There is some question as to whether she was a prostitute (James 2:25) or just an innkeeper. She may have been both. Or, it may have been that she was just a strong independent woman trying to take care of her family and in being a businesswoman it was assumed that she was a prostitute. In early times, (this was about the 14th Century, B. C.), persons who ran inns were not always the most moral persons. What Rahab was does not matter so much as to what she became. She became a woman of such faith that she could say to the enemy, “The Lord your God, he is God in heaven above, and in earth beneath”, Joshua 2:11.

Because of its advantageous location, Rahab’s house attracted the attention of two spies from *******. They represented the Israelite army of Joshua, who had succeeded Moses as the leader of Israel on its long journey from Egypt to Canaan. Joshua had made plans to absence on Jericho, which commanded entrance to Palestine from threat. 

“And Joshua the son of Nun sent two men secretly from ******* as spies, saying, “Go, view the land, especially Jericho.” And they went, and came into the house of a harlot whose name was Rahab, and lodged there.” (Joshua 2:1 RSV)

Down the hills from *******, from the eastern edge of the Jordan valley had come these two travelers. It is easy to imagine that they were young and walked with authority, their long, flowing robes swaying as they pressed forward with quick steps. Eager to avoid notice, they mixed with the crowds outside the wall, surreptitiously keeping their gaze on the structure of the massive walls protecting Jericho, key city to the rich Jordan valley. 

Rahab was a resident of Jericho who prevented their capture after they were discovered (Joshua 2:2-7). Rahab must have been very courageous to be willing to risk her own life in order to protect enemy spies whom she believed to be on a godly mission. She had heard of the Israelite crossing of the Sea of Reeds, when the waters parted before them, also of their victories over the Amorites. So strongly did she believe in the Israelite cause that she could say confidently to the enemy spies, “I know that the Lord hath given you the land, and that your terror is fallen upon us, and that all the inhabitants of the lead faint because of you” (Joshua 2:9) 

“Now then, swear to me by The Lord that as I have dealt kindly with you, you also will deal kindly with my father’s house, and give me a sure sign, and save alive my father and mother, my brothers and sisters, and all who belong to them, and deliver our lives from death.” “And the men said to her, “Our life for yours! If you do not tell this business of ours, then we will deal kindly and faithfully with you when The Lord gives us the land.”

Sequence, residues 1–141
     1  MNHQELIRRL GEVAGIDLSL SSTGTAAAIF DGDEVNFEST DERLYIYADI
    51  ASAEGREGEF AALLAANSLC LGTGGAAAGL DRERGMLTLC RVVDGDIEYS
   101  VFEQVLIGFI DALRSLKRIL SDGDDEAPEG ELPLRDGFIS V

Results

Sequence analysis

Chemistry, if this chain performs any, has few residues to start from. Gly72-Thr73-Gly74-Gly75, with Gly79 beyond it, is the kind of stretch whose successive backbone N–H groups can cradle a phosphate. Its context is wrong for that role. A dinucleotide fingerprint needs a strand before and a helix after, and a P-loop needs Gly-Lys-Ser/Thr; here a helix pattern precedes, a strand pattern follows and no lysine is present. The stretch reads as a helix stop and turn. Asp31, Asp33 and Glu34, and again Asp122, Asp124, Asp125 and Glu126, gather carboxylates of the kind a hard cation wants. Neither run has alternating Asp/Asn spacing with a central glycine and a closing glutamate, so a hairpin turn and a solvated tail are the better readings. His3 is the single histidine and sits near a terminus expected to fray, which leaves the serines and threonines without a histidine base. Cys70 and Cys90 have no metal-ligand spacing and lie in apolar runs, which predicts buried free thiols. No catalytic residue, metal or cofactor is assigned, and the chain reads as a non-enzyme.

“The men said to her, “We will be guiltless with respect to this oath of yours which you have made us swear. Behold, when we come into the land, you shall bind this scarlet cord in the window through which you let us down; and you shall gather into your house your father and mother, your brothers, and all your father’s household. If any one goes out of the doors of your house into the street, his blood shall be upon his head, and we shall be guiltless; but if a hand is laid upon any one who is with you in the house, his blood shall be on our head. But if you tell this business of ours, then we shall be guiltless with respect to your oath which you have made us swear.” “And she said, “According to your words, so be it.” Then she sent them away, and they departed; and she bound the scarlet cord in the window. 

Word soon spread among the people of Israel that God would fight for them. A women living in a house on the city wall had made it possible for Joshua to march forward. And he had led his men, not by might but by strength of the living God, sending the Ark of the Covenant and the priests along with the advance guard. The scouts then returned to Joshua and reported all that they found, including their promise to Rahab. The Israelites then crossed the Jordan into the Promised Land, with The Fall Of Jericho the first military objective. 

Rahab gave the sign and grips and Joshua’s soldiers were ordered not to harm her. This was 1451 years before Christ. Masons adopted these signs for their female releatives and they have come down to us unchanged to this day.

The walls of Jericho fell and the city burned and Joshua declared, “The city shall be accused, even it, and all that are therein, to the Lord: only Rahab the harlot shall live, she and all that are with her in the house, because she hid the messengers that we sent.” (Joshua 6:17)

Rahab and her family, however, finally were received into Israel, apparently by marriage. She became the wife of Prince Salmon, who could have been one of the spies who appealed to her for aid. Rahab is the mother of Boaz, who married Ruth, and their son Obed bore Jesse, the father of King David, through whose line is traced to Jesus Christ.

“and Salmon the father of Boaz by Rahab, and Boaz the father of Obed by Ruth, and Obed the father of Jesse, and Jesse the father of David the king.” (Matthew 1:5-6 RSV)

This is the Oldest and most universal of all female degrees. Wherever the foot of Free Masons have trod, and the land where their mothers, wives, widows, sisters, daughters habited, this Heroines of Jericho degree has been known and practiced. It was founded on a incident that happened in the passage of the Children of Israel from the wilderness of Egypt and sin, to the Land of Promise.